Ghost Dog, Chocolate Chips, & Me

Ghost Dog: The Way of the Samurai is an eclectic and brooding piece of cinema, starring Forrest Whitaker, which chronicles the trials of a mafia hit man. (See a short clip here)  I had heard of the film but never watched it, and if it hadn’t been for a magnificent (dare I say “killer”) chocolate chip cookie, I would have missed out on the experience.

I was in San Diego, on vacation, sampling the local cuisine.  I steered our rental car up a steep and winding hill into the thriving hipster neighborhood of Hillcrest, and my wife pointed out a bustling little strip mall.  We ate Mexican seafood and drank craft sodas.  The world ambled by while I smacked my lips on a divine Baja style taco.

We walked out, full and smiling, only to realize that a cookie bakery stood right next door.  We exchanged guilty grins and ducked into the bakery.  The scent of cinnamon, chocolate, and baking sugar dough wafted over us.  I started hand-picking the cookies from my side of the glass deli-style counter–white chocolate with macadamia nuts, dark chocolate with walnuts and M & M’s, peanut butter chocolate chip, and chocolate chips with oatmeal.  The girl behind the counter started boxing up the cookies.  While she worked, I drifted over to the waiting area.  On a square table lay a stack of magazines.  I grabbed one.  It particularly caught my eye because the RZA was on the cover.  The Wu Tang legend posed coolly behind dark shades.  I flipped through the article and gave a low whistle of appreciation.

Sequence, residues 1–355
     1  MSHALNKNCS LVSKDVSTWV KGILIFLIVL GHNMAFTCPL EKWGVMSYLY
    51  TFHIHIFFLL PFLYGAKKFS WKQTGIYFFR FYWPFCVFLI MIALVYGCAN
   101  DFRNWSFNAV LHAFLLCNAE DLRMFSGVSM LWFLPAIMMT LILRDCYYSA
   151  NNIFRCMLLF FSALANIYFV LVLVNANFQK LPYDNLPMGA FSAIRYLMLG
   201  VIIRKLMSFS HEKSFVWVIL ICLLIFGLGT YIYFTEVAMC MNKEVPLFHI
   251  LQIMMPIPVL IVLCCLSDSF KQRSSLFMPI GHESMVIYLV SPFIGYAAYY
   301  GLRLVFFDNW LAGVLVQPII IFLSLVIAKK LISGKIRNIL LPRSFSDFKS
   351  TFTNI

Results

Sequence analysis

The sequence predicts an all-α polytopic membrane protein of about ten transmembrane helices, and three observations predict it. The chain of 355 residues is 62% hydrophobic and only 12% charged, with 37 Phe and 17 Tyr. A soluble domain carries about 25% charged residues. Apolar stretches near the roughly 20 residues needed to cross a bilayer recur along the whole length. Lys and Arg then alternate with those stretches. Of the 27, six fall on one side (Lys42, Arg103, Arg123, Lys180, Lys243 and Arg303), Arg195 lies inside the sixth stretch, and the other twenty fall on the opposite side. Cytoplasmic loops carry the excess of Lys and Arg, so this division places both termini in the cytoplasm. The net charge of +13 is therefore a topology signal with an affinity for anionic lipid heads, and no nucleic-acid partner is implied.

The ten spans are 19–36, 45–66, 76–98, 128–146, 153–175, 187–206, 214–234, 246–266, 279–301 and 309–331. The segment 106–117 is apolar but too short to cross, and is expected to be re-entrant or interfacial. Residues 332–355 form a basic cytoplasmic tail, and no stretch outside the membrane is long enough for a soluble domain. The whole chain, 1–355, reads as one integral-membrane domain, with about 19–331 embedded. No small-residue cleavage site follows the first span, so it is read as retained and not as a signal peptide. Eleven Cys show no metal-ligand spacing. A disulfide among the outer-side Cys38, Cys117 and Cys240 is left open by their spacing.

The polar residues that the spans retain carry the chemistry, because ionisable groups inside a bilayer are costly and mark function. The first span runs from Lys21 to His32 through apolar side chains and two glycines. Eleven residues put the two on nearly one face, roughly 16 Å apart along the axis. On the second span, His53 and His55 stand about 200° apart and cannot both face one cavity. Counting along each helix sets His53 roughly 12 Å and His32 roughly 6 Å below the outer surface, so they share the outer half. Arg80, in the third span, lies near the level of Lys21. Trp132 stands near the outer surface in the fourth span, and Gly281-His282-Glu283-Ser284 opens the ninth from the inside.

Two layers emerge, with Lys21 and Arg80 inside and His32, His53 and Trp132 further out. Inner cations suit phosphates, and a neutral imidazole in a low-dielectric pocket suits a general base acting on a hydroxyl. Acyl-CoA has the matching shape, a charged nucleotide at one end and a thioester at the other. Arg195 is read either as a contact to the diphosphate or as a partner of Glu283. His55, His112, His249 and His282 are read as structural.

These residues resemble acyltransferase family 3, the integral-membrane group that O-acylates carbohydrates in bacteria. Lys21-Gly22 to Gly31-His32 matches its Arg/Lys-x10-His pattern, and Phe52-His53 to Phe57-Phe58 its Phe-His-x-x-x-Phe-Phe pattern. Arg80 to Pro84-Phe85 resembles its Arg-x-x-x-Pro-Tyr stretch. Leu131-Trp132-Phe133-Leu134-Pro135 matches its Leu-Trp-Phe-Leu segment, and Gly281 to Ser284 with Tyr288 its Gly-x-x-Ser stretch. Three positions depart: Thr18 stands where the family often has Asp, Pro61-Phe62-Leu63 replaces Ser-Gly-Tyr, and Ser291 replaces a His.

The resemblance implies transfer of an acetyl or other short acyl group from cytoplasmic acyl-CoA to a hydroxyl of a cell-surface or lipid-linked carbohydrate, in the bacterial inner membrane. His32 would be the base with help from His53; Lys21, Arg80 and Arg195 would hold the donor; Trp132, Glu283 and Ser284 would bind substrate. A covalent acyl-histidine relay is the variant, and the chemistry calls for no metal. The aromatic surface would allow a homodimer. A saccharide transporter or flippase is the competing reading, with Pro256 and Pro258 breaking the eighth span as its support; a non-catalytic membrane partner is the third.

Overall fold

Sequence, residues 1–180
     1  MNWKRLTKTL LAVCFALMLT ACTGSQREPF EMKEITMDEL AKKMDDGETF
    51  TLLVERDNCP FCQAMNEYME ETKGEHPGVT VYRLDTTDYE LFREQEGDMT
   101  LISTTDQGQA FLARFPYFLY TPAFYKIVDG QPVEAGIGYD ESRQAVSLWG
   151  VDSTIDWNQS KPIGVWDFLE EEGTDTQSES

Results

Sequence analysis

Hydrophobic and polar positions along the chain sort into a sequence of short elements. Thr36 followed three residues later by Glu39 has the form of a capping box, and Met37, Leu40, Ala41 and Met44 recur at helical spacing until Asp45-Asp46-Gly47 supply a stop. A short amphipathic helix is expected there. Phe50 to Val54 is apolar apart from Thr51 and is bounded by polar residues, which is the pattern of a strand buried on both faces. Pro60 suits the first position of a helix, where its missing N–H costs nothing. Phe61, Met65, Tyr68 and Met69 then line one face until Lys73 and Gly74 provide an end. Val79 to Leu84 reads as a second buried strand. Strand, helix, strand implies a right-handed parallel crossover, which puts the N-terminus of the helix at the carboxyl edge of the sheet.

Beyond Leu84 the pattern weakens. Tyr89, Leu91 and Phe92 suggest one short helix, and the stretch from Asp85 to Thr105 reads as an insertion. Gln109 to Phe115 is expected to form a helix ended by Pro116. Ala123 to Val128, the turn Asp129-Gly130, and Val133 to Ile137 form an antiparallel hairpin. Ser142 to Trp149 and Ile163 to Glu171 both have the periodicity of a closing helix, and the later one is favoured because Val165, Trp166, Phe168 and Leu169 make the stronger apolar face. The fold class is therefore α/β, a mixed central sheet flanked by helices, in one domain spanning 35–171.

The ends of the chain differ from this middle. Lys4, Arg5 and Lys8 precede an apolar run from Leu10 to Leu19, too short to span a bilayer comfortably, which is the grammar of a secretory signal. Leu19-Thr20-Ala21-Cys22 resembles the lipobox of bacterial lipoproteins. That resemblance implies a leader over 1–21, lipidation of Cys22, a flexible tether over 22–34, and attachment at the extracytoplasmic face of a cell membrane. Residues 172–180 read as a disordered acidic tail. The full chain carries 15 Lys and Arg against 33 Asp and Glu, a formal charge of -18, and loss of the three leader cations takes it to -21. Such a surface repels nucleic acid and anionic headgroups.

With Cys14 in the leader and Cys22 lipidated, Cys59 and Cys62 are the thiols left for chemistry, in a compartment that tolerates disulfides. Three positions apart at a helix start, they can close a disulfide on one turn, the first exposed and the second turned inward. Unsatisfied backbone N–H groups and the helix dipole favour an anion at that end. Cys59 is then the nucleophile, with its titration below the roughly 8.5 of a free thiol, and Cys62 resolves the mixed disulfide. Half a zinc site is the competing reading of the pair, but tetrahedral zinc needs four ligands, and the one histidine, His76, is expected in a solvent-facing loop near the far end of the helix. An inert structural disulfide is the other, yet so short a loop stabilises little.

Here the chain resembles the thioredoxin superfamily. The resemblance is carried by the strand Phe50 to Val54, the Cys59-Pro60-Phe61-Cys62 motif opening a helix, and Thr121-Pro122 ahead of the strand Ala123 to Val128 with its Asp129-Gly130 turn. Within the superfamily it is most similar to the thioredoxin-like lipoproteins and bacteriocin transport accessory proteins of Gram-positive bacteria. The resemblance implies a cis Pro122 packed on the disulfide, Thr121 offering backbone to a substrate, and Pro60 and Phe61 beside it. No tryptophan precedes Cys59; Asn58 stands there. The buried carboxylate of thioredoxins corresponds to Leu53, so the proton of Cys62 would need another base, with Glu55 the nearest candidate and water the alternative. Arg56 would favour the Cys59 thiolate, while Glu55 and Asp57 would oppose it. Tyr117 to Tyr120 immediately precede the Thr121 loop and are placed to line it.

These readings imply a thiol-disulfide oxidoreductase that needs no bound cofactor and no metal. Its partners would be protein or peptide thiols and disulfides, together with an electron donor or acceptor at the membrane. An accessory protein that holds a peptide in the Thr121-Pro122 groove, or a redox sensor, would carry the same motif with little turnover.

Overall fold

The RZA: Musician, Producer, Actor, Director

“You can take that home,” assured the cookie girl.

“Nice,” was my only reply.  I walked out with the RZA and my box full of chocolate chip cookies.

Back at the hotel, I munched happily on a scrumptious peanut butter chocolate chip.  It was sweet and velvety.  I read the RZA’s profile while I ate.  Every so often, I had to brush cookie crumbs off the slick magazine pages.   And there it was–his reflections on Ghost Dog: Way of the Samurai.  The RZA had composed the original music for it.

“The secret of creative success is completion,” the RZA stated.  Hooked on that, I swallowed a chunk of cookie and vowed to watch the movie.

Arriving at home a few days later, I hunted deep through the DirecTV menu guide in search of the movie.  I found it, and watched spellbound, head bopping to the RZA’s driving, hip-hop grooves.

In all honesty, the movie left a lot to be desired.  It just seemed such an eclectic mashup of blaxploitation, foreign cinema, and a good ol’ boys Italian mob flick.  I wasn’t sure where I stood after absorbing the film’s climatic gun battle.  (No spoilers!)  One thing was for certain, though, if it wasn’t the love and lure of chocolate, I would’ve missed out on a pleasant evening spent indulging in yet another of the RZA creative completions.


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